Background: Human sirtuins are a current hotspot for research in neurodegenerative disorders, including Alzheimer's disease (AD). This study investigated whether genetic variants in two members of the sirtuin family, SIRT2 and SIRT3, affected AD susceptibility.
Methods: A genetic case-control study was performed, comprising 534 probable AD cases and 638 nondemented control subjects from the north of Italy and Canton Ticino, Switzerland (discovery population). The study was focused on SIRT2 rs10410544, SIRT3 rs4980329, and SIRT3 rs536715 single nucleotide polymorphisms (SNPs). These SNPs were genotyped by real-time polymerase chain reaction allelic discrimination assay or restriction fragment length polymorphism. The SNPs rs7412 and rs429358, mapping within the apolipoprotein E (APOE) gene, were genotyped by real-time polymerase chain reaction allelic discrimination assay too. In a replication population comprising 756 AD cases and 847 nondemented control subjects, SIRT2 rs10410544, APOE rs7412, and APOE rs429358 were genotyped as mentioned previously.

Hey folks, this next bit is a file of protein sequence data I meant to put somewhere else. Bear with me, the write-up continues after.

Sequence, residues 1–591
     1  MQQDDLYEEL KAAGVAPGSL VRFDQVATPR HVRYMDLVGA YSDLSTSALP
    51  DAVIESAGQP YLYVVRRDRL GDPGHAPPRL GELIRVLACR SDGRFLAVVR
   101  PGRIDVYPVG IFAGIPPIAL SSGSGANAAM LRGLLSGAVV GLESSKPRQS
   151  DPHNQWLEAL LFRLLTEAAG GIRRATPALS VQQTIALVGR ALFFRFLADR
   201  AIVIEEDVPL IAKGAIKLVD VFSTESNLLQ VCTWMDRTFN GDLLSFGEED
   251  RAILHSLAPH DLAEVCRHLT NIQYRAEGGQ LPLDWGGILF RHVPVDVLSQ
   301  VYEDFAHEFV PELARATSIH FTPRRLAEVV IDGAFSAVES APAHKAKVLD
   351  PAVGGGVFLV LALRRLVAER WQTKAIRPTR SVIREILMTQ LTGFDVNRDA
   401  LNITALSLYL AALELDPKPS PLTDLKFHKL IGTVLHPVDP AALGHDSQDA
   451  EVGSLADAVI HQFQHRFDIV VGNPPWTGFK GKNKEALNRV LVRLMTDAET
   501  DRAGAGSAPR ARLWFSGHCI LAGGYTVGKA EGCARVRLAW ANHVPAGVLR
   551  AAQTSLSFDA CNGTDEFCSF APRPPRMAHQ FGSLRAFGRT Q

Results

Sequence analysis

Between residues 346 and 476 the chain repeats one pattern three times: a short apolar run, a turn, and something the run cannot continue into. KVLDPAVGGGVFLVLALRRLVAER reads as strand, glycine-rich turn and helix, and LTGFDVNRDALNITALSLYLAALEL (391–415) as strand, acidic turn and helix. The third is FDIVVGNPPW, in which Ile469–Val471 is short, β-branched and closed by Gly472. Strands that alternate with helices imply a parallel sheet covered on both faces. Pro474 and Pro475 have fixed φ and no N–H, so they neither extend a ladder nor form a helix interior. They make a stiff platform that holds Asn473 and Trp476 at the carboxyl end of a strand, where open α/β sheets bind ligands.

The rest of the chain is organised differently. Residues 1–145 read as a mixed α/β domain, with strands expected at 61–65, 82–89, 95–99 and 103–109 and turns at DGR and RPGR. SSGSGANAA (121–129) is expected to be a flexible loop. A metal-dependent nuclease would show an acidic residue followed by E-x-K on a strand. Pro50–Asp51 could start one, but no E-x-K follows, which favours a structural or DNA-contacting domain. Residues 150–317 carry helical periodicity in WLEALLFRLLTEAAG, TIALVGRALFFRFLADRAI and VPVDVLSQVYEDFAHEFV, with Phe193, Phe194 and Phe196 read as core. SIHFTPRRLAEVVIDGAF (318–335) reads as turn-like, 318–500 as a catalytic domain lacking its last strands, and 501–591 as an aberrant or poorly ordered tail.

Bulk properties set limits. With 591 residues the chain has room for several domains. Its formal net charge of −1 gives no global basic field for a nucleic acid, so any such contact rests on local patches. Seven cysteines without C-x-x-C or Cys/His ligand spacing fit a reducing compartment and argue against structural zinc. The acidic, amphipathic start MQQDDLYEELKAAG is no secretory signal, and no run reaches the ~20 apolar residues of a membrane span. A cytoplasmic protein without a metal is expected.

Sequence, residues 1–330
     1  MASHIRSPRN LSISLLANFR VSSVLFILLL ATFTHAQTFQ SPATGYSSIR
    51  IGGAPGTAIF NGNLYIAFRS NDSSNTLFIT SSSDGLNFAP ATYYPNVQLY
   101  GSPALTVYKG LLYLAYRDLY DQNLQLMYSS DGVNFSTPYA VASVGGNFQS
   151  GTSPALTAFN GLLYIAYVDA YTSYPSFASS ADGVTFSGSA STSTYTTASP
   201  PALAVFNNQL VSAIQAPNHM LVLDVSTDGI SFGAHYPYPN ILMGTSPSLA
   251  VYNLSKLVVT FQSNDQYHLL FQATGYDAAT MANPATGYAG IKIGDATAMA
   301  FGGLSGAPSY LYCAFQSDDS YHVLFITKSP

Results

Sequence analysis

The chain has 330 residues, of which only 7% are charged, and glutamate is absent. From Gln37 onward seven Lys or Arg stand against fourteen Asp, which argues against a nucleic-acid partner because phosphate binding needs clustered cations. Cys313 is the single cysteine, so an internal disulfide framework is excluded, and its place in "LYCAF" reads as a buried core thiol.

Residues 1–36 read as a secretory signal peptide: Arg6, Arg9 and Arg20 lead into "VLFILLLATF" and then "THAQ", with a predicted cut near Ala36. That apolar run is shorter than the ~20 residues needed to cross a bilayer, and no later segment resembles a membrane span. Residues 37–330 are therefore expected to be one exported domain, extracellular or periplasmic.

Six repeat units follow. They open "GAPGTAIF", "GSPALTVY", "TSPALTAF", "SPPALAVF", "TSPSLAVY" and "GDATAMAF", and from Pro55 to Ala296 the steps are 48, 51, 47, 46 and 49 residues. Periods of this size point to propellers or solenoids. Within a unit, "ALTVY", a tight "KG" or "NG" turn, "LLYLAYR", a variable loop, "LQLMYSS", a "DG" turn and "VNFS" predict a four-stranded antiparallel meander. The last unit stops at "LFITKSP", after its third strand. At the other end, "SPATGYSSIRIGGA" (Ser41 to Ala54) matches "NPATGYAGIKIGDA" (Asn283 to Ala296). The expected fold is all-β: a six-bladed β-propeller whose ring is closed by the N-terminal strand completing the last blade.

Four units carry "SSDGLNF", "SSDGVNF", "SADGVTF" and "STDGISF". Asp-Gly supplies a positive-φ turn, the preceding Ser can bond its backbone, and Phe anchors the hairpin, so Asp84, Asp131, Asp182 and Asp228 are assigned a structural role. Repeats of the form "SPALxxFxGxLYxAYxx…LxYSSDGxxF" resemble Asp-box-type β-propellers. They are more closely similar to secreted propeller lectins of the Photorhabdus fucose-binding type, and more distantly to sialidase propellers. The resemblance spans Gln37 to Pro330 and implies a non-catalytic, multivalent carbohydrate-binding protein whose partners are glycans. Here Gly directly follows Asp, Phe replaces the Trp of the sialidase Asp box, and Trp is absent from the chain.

Results: In the discovery population, we observed an association between SIRT2 rs10410544 T allele and AD (adjusted odds ratio [OR] = 1.23, 95% confidence interval [Cl]: 1.02-1.50, P = .02, after correction for sex, age, and APOE epsilon 4 genotype). The association between AD and SIRT2 rs10410544 T allele was only present in APOE epsilon 4 noncarriers (adjusted OR = 1.29, 95% CI: 1.03-1.61, P = .03). The replication study did not confirm this evidence. However, the combined analysis on the two cohorts detected the association (adjusted OR = 1.17, 95% CI: 1.02-1.35, P = .02), and only APOE epsilon 4 noncarriers were at risk (adjusted OR = 1.2, 95% CI: 1.02-1.43, P = .03).
Conclusions: The SIRT2 rs10410544 T allele deserves further investigation as a novel minor genetic risk factor for AD in the APOE epsilon 4-negative Caucasian population. (C) 2013 The Alzheimer's Association. All rights reserved.
Bibliographical noteCopyright © 2012 The Alzheimer's Association. Published by Elsevier Inc. All rights reserved.
- Alzheimer's disease
- E TYPE-4 ALLELE